I don't know how reliable this source is, but this is a very interesting article (from 2008) that explains how variables are handled:
The Truth About PHP Variables
I wanted to write this post to clear up what seems to be a common misunderstanding in PHP – that using references when passing around large variables is a good way save memory.
(...) While the above explanation of references is sufficient for a general understanding, it is often useful to understand how PHP handles variable assignment internally. This is where we introduce the concept of the zval.
zvals are an internal PHP structure which are used for storing variables. Each zval contains various pieces of information, and the ones we will be focusing on here are as follows:
- The actual data stored within the zval – In our example this would be either ‘hello!’ or ‘goodbye!’
- is_ref Boolean flag
- A ref_count counter
(...) When you assign a variable by value (such as in example 1) it does not create a new zval, it simply points both variables at the same zval and increases that zval’s ref_count by one. “Wait!” I hear you cry, “Isn’t that passing by reference?” Well, although it sounds the same, all PHP is doing is postponing any copying until it really has to – and it knows this because is_ref is still false. (...)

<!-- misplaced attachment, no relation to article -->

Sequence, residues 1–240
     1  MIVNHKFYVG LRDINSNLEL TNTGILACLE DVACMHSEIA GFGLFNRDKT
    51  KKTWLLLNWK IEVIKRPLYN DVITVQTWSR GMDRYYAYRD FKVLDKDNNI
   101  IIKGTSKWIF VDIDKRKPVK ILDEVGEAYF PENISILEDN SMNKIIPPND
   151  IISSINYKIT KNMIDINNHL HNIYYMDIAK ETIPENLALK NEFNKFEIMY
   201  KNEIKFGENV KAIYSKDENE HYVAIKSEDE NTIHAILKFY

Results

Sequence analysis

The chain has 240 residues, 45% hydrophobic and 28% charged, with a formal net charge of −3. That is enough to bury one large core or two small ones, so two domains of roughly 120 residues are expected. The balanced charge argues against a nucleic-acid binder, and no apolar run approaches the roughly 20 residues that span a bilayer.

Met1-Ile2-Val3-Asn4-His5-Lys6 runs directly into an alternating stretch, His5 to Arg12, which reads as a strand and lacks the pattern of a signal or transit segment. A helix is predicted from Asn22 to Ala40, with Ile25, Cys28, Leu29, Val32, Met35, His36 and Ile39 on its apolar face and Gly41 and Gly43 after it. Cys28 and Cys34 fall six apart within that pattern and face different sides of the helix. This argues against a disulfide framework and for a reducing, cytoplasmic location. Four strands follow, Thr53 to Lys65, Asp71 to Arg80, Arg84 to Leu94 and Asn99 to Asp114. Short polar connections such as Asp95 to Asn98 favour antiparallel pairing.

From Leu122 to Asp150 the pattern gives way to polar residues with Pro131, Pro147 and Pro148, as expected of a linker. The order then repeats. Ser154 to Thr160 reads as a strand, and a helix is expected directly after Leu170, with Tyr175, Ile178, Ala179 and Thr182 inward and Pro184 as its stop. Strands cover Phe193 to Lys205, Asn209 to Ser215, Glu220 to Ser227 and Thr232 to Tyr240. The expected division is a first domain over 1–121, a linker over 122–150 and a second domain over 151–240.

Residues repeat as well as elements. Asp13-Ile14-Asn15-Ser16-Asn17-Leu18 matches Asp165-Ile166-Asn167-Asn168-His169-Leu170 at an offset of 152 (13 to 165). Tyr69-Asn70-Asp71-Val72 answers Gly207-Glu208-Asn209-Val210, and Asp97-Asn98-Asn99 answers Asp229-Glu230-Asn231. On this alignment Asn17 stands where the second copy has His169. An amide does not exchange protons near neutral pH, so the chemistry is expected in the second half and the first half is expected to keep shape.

and the conclusion:
You can see that, unless the developer is completely consistent, passing variables by reference can easily lead to increased memory usage.
Besides that, I ran your code a few times with
get_memory_usage() and there was no difference in memory consumption (but this does not necessarily mean anything, probably the memory consumption differs when one is actually doing something with the variable).